The accidental discovery of a 4th century burial in Poprad, Slovakia, in 2006 made national and international headlines for the exceptional richness of the find. Poprad, in the foothills of the High Tatra Mountains in northern Slovakia, is famed as a resort town and for its beautiful historic center, but this tomb was found by construction workers on a job site in an industrial area, not the historic center. Finding a tomb with a yew wood bed lined in sheets of silver was an unexpectedly thrilling surprise.
The individual buried was found to be a young adult male about 30 years old at the time of his death. He was born in the area where his body was interred, but he spent significant stretch of time in the Mediterranean. The tomb dates to around 375 A.D., just a few years before from Rome’s withdrawal west of the Danube and the end of the formerly friendly relationship between empire and the German tribes who inhabited what would become modern-day Slovakia.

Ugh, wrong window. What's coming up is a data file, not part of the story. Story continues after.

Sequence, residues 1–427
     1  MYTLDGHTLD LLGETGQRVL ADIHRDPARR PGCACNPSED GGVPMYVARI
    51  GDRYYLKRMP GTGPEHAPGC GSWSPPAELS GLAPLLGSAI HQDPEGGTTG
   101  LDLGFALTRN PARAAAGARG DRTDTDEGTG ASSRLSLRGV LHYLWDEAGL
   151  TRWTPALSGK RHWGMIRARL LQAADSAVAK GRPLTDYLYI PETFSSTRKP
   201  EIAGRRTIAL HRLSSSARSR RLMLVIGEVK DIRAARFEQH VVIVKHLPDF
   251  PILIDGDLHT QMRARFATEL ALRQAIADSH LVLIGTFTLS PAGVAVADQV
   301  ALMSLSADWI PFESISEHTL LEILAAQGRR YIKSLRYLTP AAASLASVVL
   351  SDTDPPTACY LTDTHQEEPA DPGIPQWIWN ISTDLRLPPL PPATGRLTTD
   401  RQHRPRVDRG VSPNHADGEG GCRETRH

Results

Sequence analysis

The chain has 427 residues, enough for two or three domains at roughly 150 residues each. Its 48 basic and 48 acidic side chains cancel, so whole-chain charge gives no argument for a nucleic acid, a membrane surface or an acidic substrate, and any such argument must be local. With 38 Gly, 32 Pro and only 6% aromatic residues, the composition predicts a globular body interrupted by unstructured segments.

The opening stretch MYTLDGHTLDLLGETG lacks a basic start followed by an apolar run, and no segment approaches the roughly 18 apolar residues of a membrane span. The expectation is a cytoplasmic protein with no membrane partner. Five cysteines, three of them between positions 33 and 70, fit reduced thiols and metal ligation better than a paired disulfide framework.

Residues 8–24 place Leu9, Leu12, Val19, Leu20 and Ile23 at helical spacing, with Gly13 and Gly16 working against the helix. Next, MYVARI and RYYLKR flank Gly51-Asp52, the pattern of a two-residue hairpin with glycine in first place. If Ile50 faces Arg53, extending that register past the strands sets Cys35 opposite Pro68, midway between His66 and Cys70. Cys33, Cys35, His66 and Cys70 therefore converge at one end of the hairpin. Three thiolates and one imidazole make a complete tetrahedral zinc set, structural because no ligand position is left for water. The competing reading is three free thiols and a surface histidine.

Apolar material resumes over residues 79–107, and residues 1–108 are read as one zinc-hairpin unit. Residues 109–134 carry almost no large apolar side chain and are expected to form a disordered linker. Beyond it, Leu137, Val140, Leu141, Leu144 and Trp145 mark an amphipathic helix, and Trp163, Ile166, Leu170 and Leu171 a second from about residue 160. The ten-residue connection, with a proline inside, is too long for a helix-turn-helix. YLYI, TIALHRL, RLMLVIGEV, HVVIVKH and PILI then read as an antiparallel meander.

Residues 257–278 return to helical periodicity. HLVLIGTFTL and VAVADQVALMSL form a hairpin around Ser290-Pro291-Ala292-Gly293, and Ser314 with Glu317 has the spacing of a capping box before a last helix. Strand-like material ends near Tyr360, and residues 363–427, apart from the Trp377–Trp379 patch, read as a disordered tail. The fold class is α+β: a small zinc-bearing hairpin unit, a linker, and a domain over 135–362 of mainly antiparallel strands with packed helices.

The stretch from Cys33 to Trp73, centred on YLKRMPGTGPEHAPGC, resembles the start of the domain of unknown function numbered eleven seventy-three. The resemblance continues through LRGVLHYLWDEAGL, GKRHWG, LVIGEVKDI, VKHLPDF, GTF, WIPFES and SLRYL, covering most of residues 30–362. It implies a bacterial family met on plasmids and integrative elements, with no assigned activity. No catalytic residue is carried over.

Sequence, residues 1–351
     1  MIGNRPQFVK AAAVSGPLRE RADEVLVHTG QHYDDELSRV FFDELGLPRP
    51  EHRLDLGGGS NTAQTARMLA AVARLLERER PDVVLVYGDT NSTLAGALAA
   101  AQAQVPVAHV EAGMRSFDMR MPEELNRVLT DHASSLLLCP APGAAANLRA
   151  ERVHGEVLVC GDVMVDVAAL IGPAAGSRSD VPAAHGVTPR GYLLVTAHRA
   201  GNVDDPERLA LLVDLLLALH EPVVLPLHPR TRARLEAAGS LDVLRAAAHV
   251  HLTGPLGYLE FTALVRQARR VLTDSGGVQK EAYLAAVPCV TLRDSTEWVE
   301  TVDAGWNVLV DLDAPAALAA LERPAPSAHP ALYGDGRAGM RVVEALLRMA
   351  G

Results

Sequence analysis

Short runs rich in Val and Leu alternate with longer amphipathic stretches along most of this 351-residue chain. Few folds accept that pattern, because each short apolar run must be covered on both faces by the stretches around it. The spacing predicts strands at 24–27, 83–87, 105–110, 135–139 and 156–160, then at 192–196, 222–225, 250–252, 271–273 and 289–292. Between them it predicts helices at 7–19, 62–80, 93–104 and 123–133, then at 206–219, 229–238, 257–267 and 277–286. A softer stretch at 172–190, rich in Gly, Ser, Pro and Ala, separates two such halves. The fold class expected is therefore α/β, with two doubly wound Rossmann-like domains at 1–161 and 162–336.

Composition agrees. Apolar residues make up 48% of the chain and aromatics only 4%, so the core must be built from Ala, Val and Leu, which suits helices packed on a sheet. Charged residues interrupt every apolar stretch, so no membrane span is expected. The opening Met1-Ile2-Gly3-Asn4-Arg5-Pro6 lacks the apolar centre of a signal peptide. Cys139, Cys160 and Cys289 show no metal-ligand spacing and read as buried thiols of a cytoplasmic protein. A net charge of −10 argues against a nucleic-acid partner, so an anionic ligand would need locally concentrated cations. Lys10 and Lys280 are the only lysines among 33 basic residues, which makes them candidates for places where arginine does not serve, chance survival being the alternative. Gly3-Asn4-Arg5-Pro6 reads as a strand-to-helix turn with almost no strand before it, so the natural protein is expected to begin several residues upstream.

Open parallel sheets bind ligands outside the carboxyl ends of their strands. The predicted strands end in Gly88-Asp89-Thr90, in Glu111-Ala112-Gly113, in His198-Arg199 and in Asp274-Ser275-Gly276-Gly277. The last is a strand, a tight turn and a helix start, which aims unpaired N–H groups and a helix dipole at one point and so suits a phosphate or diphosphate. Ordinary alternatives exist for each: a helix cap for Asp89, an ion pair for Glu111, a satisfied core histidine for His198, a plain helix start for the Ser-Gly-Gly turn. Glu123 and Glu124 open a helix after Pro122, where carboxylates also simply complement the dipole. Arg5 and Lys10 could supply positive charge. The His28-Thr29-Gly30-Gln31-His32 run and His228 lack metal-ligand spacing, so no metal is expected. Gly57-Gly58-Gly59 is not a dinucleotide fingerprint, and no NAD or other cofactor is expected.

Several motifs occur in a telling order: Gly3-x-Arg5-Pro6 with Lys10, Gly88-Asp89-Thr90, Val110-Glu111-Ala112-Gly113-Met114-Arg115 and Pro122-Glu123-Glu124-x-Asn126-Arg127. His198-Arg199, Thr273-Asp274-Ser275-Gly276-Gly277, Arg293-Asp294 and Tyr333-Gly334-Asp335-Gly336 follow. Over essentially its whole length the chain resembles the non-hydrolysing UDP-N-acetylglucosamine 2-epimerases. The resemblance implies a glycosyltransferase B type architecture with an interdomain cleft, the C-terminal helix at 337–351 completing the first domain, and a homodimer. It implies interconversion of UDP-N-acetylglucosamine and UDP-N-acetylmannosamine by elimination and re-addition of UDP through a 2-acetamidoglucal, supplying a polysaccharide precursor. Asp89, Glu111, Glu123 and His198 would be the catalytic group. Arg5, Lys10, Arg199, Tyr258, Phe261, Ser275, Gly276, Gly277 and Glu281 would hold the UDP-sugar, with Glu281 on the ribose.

Archaeologists think he may have served in the Roman army which was then hurtling towards disaster under pressure from barbarian migrations, both voluntary and Hun-driven, and dependent on the outer provinces and beyond for soldiers and mercenaries. He wouldn’t have been an infantry grunt. He was too wealthy and clearly a member of the elite of his own society. He was a person of rank, a prince or nobleman, the kind of person the Romans paid through the nose to fight for them as foederati, leaders of irregular units composed largely of their own men. The Visigoth king Alaric was one of those, until the emperor wouldn’t give him the command and lands he demanded so he sacked Rome to the bone not once, not twice, not thrice but four times. So was Childeric, King of the Franks.
Credit : http://www.thehistoryblog.com